Even the most exciting holiday can turn into a huge source of anxiety if you're worried about disrupting your hard-earned progress. But you didn't turn to a fitter lifestyle to become a hermit. Here's how to enjoy the break without finding yourself back at square one.
First, let's talk about the reality of travelling on a diet. If you're on a weight loss program, chances are that you will halt progress to a degree. A break isn't necessarily a bad thing, but building momentum and a positive feedback loop is one of the most important things when starting a diet. If feasibility allows, embark on a weight loss plan only when you have a few uninterrupted weeks.
Understand That If You're Not Backtracking, You're Making Progress
Before diving into actionable tips, let's make sure you have the correct mindset.
One of the biggest mistakes that dieters make is keeping a constant progress "velocity" all times, rather than riding life's natural ebb and flow. This is akin to driving a constant 90 kilometres per hour on a cross-country trip regardless of traffic, fatigue, or the opportunity to go a bit faster.
There will be times that you can drive at top speed, and there will be times that traffic may slow you to a halt. You'll also need to take breaks to sleep, refuel and eat, but that's OK; as long as you're not going backwards, you're progressing towards your destination.
Dieting is no different. At certain points in time, your personal obligations will become more important than hitting your caloric targets, or perhaps you'll feel like your motivation is exhausted. During these times, you'll want to coast along at a lower velocity. As long as you're not backtracking (i.e. specifically, keep your calories around maintenance), you're progressing, because you're simply waiting for the right chance to speed up.
That chance is when life is going great or you're extra-motivated by the progress on the scale. This is the perfect time to take advantage of your situation by nailing your diet goals for many consecutive days or pushing yourself hard in the gym.
Too many dieters push themselves even when external factors don't allow. We're not saying to make excuses — you'll have to objectively and mindfully evaluate whether these factors are real — but be OK with varying your velocity.
Take A Diet Break
Now that you understand the importance of varying progress speed, let's introduce the concept of a "diet break", a concept made relatively popular by nutritionist and author Lyle McDonald.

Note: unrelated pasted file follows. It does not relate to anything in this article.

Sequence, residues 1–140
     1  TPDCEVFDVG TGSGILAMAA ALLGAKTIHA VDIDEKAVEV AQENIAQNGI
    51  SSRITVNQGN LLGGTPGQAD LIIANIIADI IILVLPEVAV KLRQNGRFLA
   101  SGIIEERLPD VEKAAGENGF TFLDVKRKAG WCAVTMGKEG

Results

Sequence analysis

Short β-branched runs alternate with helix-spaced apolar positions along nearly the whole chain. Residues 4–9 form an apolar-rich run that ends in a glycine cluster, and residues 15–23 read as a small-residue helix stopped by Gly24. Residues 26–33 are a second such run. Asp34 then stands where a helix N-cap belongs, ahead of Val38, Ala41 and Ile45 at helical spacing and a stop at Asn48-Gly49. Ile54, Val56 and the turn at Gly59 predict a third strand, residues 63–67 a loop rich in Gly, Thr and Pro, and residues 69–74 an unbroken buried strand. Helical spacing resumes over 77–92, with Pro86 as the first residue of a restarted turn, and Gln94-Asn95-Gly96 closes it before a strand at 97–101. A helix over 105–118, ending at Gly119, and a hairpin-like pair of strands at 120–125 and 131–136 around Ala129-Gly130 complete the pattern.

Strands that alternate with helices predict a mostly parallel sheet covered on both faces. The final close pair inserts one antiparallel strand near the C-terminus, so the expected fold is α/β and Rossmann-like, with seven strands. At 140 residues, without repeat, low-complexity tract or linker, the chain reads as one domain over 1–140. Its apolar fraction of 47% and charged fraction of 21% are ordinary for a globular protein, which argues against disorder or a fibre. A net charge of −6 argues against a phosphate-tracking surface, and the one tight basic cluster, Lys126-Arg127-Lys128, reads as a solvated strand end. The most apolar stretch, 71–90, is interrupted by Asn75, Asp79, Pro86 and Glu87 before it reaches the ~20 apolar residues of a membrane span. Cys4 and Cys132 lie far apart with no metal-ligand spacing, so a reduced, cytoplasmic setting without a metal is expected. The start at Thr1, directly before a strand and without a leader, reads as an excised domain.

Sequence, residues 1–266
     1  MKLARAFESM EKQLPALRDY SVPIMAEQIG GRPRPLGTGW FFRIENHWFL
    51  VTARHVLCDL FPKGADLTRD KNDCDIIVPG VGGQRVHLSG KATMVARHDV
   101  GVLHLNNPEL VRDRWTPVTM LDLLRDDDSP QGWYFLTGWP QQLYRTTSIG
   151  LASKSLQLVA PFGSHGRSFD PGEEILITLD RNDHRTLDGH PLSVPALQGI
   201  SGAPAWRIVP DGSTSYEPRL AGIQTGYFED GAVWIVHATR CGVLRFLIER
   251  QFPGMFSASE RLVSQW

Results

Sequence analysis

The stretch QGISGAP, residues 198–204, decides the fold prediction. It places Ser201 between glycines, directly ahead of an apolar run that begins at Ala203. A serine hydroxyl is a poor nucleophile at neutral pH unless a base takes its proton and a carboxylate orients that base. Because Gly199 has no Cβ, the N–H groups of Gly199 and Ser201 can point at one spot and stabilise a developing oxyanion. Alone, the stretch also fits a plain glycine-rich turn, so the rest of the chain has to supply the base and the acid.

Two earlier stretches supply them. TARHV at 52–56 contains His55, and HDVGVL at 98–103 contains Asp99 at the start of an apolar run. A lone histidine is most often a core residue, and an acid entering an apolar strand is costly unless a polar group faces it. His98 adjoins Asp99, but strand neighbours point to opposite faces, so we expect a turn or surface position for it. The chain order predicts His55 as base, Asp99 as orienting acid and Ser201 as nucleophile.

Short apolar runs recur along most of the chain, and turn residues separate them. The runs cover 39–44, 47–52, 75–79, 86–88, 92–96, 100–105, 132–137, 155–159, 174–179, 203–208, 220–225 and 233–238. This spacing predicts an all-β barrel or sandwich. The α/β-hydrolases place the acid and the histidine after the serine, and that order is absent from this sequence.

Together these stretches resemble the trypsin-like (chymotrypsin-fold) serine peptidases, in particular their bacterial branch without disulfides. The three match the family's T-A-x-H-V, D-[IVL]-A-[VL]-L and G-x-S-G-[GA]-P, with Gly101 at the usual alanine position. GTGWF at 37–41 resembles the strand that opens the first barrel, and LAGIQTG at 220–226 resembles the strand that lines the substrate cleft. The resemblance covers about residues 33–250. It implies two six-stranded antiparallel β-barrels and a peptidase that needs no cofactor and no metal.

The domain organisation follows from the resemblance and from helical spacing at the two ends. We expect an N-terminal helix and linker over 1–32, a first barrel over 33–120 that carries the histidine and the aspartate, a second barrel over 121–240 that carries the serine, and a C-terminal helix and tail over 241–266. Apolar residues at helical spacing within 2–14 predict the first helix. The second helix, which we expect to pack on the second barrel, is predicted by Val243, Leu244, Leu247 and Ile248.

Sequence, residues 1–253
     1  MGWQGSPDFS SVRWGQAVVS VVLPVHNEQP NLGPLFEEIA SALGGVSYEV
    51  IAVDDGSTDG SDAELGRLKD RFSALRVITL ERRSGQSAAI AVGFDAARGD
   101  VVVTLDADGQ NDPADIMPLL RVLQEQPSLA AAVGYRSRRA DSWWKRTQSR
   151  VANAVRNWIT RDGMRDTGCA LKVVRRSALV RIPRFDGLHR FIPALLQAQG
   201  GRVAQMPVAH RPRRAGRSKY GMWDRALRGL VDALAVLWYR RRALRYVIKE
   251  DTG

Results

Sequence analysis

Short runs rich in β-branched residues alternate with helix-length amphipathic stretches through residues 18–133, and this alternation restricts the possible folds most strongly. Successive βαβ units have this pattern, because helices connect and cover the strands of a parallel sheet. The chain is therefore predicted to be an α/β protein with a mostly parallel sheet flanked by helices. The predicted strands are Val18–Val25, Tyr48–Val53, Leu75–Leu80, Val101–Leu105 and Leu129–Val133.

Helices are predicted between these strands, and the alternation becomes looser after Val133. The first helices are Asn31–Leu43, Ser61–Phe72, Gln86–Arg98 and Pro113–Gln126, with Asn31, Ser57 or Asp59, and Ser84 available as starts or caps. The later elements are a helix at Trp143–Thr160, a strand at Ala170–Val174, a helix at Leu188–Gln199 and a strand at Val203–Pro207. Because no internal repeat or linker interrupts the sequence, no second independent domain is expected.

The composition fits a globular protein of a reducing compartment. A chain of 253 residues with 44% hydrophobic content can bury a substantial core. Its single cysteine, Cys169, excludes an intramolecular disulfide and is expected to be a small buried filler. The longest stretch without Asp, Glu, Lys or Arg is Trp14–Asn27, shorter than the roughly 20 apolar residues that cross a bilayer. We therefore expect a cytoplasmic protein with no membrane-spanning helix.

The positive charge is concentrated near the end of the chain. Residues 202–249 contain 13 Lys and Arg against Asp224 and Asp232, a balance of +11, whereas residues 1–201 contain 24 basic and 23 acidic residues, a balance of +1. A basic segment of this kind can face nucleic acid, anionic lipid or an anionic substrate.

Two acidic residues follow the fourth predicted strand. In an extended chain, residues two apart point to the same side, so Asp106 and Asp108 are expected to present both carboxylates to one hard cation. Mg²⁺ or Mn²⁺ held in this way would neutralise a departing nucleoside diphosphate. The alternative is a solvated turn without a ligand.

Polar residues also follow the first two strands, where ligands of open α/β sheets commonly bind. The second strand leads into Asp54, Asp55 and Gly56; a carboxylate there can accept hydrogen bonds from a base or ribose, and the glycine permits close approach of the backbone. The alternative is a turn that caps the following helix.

Lyle points out a study where subjects were made to go on an intentional break from their diet. Nutritional researchers know that dieters are notoriously bad at restarting their programs once they have stopped. In this case, however, the subjects got back on their regimen with relative ease. We've talked about this in our article on planning to fail: when you intentionally stop your regimen, you maintain a feeling of "control", making it easy to restart.
Know that you won't be sticking to your regularly scheduled regimen, and that's OK. Remembering this will allow you to maintain the feeling of "control" the entire time and allow you to get back on the horse.
Move As Much As You Can
Telling you to move in order to maintain progress seems as silly as telling you to "eat less, move more" to lose weight, but the specific context is what makes holiday activity special. Exercise is less effective when it is intentionally done for the caloric burn. On the other hand, holidays are a special time when you have many opportunities to move around more for the purpose of fun — not exercise.
Consider planning a lot of your activity before eating your first meal. Fasted exercising causes your body to release compounds called catecholamines, which may have an appetite-suppressing effect. Before heading to your destination, do your research and plan one activity each morning.
Have One Splurge Day For Every Two Reasonable Days
Perhaps you're going on the type of holiday where large quantities of food are part of the experience, such as going to Las Vegas or sailing on a cruise (i.e. floating buffet). Obviously you can't expect to splurge every single day and not take a few steps back. Still, if you're on a diet break, the last thing that you want to do is count calories.
One rule that I came up with is taking a "splurge" day every three days, provided that I spend two days eating as similarly as possible to my pre-vacation regimen. That means if my normal diet regimen consists of three meals of protein, a side of starch, and vegetables, I mimic this as much as possible during my holiday.
If you can't find anything similar to your normal diet fare, another alternative is eating meals that are either high in protein/fat and low in carbohydrates or high in protein/carbohydrates and low in fat. This allows you to experience a variety of foods, but reduces the palatability of your food choices. This is helpful if you have the tendency to overeat. Again, every third day, allow yourself the freedom to eat whatever you want.
As with everything in fitness, balance is the key to success. Using these tips, you won't have to get "back on the proverbial horse", because you never got off in the first place.
Lifehacker's Vitals column offers health and fitness advice based on solid research and real-world experience.